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What is the greenhouse effect?

The greenhouse effect is a natural and necessary process that is negatively powered by man with disastrous consequences

What is the greenhouse effect?

Do you know what the greenhouse effect is? It is the natural phenomenon that allows our planet to maintain the necessary conditions to harbor life. The atmosphere captures some of the sun's rays that reach the earth's crust, keeping them inside to get an average temperature of 15 0C. If the atmosphere did not catch any of these rays that bounce off the surface, the average temperature of the Earth would be -18 0C.

The atmosphere is composed of various natural gases, of which nitrogen, oxygen and argon constitute the 99.93%. However, there are other gases such as water vapor, carbon dioxide, methane, nitrous oxide and ozone which have a greater impact on the greenhouse effect. Moreover, artificial gases called chlorofluorocarbons are also present in the atmosphere.

This is how humans contribute to the greenhouse effect

Consequences of the greenhouse effect

In the right proportion, these gases perform their duty, but when its concentration increases by the action of man, the atmosphere retains more heat than necessary, causing the rising of temperatures, melting ice caps, desertification, fires, storms and floods.

Why do greenhouse gases increase? There are three main reasons: the burning of fossil fuels like oil, coal and natural gas, forest deforestation and destruction of marine ecosystems that absorb carbon dioxide and the increase of a population that increasingly consumes natural resources.

To understand what the greenhouse effect is, why it is caused and the consequences for the planet we present this explanatory video that will solve many of your questions.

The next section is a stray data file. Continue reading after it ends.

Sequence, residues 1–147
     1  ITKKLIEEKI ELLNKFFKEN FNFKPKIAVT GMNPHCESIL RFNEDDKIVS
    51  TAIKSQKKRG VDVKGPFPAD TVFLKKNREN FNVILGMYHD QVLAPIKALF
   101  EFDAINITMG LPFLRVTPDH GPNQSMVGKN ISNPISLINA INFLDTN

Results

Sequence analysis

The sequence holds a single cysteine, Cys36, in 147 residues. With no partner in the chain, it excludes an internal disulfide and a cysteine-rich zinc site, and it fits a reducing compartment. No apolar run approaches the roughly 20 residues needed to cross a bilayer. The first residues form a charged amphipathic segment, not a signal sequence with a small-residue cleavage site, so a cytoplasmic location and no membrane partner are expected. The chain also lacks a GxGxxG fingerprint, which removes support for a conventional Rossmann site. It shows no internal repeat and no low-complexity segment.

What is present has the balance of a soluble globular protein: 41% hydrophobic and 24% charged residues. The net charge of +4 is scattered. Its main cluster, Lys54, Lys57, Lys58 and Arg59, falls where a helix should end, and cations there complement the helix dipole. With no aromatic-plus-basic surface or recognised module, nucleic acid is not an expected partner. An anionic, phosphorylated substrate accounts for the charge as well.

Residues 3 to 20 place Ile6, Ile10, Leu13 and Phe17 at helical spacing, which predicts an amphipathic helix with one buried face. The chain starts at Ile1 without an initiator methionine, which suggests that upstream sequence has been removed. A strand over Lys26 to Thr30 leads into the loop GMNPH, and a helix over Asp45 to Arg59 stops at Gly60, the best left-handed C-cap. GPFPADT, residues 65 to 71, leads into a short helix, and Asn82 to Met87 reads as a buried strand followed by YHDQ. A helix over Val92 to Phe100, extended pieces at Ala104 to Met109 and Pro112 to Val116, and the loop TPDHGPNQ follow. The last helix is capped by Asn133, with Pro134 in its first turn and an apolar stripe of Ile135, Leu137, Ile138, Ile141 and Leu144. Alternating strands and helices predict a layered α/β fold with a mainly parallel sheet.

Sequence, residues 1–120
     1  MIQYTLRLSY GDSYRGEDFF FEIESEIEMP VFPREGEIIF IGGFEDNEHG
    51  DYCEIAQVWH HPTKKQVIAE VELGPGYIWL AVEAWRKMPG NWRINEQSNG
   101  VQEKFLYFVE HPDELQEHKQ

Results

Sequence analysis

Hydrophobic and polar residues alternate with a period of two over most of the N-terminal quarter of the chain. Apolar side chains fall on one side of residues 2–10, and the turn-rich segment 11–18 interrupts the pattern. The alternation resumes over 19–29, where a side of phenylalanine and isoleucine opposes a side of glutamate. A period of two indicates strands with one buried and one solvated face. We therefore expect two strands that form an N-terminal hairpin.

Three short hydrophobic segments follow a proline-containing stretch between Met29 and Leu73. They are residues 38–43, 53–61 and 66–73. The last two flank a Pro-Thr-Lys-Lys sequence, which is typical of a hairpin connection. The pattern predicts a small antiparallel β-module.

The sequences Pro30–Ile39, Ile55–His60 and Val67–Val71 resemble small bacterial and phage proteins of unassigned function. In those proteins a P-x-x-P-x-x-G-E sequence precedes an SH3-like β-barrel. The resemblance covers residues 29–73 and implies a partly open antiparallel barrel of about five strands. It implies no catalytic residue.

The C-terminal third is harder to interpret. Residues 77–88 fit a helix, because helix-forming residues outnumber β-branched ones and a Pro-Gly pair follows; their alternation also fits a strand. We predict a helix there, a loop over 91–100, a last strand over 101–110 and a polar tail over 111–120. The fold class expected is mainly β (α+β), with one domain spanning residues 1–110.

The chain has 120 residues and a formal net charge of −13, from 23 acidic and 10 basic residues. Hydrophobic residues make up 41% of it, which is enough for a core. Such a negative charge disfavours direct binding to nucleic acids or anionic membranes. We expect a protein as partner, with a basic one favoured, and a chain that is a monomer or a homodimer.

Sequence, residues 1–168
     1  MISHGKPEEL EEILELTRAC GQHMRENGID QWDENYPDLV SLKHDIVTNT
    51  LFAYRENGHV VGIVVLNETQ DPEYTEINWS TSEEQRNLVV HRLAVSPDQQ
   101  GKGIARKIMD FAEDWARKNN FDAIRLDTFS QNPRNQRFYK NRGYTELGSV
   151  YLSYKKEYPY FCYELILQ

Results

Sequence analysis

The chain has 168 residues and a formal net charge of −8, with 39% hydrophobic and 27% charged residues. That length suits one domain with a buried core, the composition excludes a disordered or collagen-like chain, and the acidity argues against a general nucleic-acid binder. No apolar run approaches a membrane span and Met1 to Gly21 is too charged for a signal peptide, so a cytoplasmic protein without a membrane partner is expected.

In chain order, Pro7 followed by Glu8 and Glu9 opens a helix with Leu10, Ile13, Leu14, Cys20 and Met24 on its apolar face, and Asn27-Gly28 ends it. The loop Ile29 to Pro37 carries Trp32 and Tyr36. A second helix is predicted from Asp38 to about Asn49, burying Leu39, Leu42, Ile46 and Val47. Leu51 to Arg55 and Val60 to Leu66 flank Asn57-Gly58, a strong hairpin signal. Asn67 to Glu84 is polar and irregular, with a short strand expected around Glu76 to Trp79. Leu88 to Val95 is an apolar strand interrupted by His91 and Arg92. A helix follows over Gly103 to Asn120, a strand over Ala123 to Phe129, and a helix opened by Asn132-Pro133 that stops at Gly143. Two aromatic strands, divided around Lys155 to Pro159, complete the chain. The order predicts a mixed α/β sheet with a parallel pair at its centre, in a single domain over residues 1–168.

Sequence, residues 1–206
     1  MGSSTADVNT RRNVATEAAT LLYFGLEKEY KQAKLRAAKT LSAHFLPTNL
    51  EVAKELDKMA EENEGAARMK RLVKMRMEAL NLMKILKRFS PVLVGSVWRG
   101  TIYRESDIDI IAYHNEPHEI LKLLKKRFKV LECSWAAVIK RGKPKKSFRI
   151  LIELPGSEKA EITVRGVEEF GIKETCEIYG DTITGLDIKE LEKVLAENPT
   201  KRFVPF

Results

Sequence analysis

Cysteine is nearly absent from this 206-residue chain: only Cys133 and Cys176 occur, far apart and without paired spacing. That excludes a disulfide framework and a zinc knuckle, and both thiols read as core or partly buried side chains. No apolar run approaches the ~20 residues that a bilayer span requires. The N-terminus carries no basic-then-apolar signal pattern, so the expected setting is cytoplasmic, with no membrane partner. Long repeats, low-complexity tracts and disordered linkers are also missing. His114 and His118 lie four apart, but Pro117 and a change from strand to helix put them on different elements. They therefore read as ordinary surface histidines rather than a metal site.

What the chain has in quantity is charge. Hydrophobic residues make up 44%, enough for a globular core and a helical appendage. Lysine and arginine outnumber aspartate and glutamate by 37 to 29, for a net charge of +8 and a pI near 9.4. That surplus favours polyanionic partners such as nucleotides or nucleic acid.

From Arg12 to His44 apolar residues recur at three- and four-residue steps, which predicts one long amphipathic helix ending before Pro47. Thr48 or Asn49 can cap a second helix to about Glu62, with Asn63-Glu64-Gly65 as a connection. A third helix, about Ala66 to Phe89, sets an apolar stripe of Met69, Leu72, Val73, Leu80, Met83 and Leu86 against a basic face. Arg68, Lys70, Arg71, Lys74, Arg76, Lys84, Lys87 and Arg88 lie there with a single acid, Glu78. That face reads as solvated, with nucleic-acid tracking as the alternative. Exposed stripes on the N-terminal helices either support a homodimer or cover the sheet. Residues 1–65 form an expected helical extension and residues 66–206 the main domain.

NASA documents the greenhouse effect

NASA satellites show how the greenhouse effect boosted by human action contributes to global warming:

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NASA Video 1 and NASA Video 2.

Incidence of the human being in the greenhouse effect

Human activity increases the concentration of greenhouse gases (GHG) in the atmosphere maximizing global warming.

By activity sectors, anthropogenic GHG emissions sources are:

  • Electricity and heat production: 25%
  • Agriculture and other land uses: 24%
  • Transportation: 14%
  • Industry: 21%
  • Other energy: 10%
  • Buildings: 6%

To curb the concentration of GHG in the atmosphere, it is necessary to focus on renewable energy sources that allow emissions reductions and preserve the oceans and forests, which represent the planet's natural carbon sinks and absorb part of the carbon dioxide.

In this infographic we compile the causes and consequences of the greenhouse effect, as well as the anthropogenic origin of emissions that threaten the life of the species.

What is the greenhouse effect?

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